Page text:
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Also see Oracle Con*Text indexes

Monitoring Domain Indexes

Also introduced in Oracle8i was the concept of extensible indexing, also known as domain indexing. A domain index is usually used in cartridge development. In fact, a domain index is called so because it is used only within the domain of its parent cartridge. A domain index extends the basic types of hash, bitmapped, and B-tree indexes by allowing the developer to create his or her own index methods and apply them to a specific type of data set.       

An example of the use of domain indexing would be the use of R-tree indexes for spatial data. A domain index is based on the concept of an INDEXTYPE, which, like a User Defined Type (UDT), is created and maintained by the user. In order to use a domain index, a data cartridge that implements its structures, methods, and types must be created.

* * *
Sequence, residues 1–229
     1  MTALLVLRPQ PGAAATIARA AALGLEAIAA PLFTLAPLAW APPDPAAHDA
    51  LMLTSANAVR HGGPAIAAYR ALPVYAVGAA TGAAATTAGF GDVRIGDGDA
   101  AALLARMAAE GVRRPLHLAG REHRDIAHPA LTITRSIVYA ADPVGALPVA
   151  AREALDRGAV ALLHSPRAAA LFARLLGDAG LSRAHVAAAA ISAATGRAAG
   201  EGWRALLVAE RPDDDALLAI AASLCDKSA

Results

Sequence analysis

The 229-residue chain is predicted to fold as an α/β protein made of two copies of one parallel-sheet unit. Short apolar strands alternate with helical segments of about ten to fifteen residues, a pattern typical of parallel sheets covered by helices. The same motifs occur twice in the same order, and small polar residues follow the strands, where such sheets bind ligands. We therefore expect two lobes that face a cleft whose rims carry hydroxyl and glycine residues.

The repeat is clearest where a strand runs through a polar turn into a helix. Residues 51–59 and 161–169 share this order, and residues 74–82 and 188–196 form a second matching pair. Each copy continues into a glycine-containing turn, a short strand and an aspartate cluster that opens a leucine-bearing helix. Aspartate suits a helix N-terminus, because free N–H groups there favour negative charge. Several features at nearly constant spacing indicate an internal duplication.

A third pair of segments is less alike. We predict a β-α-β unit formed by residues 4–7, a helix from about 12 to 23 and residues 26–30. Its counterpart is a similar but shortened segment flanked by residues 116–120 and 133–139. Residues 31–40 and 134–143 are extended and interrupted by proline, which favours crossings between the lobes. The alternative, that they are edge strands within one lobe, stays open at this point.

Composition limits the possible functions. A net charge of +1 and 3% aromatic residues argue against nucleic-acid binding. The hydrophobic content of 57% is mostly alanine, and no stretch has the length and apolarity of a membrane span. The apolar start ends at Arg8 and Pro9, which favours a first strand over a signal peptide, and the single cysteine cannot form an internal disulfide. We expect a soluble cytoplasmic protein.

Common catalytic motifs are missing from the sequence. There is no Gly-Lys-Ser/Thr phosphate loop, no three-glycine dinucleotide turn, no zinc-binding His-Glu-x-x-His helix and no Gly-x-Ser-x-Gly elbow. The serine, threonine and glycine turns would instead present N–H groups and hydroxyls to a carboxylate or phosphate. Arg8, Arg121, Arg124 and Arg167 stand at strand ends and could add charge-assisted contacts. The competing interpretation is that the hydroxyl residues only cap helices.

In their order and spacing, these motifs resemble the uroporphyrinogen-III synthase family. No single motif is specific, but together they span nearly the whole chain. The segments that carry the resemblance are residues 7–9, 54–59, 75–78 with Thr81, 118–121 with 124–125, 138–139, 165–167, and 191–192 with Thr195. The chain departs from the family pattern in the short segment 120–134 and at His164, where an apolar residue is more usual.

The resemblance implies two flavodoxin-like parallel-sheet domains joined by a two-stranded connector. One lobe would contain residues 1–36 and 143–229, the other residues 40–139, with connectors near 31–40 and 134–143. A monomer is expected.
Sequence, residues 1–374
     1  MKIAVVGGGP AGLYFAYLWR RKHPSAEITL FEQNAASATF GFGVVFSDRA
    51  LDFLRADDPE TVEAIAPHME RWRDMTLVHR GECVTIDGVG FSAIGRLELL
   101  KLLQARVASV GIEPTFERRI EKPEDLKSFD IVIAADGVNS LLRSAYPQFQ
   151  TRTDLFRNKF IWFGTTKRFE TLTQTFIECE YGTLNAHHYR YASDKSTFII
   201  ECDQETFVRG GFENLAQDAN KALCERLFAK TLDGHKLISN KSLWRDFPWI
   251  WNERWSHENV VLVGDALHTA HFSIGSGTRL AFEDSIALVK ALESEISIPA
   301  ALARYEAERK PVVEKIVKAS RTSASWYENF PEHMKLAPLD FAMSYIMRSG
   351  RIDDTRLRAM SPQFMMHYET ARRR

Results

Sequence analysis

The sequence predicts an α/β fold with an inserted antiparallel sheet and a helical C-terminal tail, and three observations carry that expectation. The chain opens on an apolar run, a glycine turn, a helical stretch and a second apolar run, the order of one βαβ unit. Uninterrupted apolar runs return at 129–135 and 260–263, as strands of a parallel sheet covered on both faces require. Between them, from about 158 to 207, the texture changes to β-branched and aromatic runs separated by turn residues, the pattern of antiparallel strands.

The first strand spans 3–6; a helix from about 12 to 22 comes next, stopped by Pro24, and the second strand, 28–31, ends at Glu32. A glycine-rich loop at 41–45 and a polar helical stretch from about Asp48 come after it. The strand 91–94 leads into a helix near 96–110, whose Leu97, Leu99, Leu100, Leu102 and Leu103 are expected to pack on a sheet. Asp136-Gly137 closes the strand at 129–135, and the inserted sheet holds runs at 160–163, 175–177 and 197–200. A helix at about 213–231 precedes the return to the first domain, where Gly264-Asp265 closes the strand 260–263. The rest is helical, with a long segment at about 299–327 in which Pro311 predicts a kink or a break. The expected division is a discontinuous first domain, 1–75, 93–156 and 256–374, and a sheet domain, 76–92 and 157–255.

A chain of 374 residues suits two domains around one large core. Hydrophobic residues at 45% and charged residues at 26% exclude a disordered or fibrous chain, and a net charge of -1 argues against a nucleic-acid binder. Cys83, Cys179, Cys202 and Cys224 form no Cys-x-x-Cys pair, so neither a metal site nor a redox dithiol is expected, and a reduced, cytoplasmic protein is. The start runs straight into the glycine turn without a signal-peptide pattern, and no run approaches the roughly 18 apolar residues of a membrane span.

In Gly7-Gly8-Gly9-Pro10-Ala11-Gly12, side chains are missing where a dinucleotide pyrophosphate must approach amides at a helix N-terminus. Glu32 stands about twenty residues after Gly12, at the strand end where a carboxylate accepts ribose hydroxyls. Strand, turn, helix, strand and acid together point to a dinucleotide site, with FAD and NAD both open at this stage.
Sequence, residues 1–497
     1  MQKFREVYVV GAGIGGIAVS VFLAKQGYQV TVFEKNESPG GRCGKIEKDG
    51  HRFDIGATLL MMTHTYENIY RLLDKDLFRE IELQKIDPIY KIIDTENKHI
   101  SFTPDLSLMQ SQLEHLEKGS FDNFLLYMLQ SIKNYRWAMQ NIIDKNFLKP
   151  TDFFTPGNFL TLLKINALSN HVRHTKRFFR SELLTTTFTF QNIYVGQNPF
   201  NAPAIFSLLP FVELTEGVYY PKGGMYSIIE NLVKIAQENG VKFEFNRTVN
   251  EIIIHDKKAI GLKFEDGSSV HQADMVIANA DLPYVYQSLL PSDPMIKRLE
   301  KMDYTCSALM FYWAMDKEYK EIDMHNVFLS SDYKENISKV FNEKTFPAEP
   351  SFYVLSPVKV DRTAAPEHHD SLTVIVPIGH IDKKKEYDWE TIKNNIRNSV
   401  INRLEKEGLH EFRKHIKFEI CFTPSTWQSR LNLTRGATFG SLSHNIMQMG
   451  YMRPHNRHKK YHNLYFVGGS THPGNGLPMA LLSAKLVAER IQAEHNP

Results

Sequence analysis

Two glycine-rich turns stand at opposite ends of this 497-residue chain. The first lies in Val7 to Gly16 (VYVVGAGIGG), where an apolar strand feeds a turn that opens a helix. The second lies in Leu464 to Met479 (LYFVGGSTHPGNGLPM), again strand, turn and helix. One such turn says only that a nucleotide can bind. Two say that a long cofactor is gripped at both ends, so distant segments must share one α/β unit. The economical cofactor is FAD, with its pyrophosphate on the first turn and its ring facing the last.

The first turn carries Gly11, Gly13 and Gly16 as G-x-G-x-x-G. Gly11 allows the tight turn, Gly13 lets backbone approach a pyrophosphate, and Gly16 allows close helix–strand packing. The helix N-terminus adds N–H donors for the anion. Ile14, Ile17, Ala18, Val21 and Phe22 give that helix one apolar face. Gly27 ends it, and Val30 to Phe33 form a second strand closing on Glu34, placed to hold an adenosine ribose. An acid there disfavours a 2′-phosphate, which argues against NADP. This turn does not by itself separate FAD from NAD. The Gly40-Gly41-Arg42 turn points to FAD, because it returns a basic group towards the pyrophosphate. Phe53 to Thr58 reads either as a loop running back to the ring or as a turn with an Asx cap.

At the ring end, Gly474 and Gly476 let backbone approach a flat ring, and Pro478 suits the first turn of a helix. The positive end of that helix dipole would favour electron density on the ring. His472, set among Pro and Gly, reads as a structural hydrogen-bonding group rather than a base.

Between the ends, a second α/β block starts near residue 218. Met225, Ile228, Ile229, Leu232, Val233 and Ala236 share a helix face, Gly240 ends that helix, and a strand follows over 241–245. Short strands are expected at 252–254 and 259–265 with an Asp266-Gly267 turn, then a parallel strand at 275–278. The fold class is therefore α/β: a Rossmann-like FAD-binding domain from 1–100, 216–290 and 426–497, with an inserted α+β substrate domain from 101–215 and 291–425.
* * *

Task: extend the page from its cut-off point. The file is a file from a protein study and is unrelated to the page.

The domain indexes are indicated by a non-NULL value in the DOMIDX_STATUS and DOMIDX_OPSTATUS columns in the DBA_INDEXES view. I assume a join can be based on either the INDEX_NAME and INDEXTYPE_NAME in the DBA_INDEXES and DBA_INDEXTYPES table supplemented by the OWNER columns in each or the INDEX_TYPE and INDEXTYPE_NAME columns (even though they don't match in size). I say "assume," because this topic is beyond the scope of this book, so I leave it to the DBA who is involved in a cartridge development effort to actually create the reports required based on the supplied join data.

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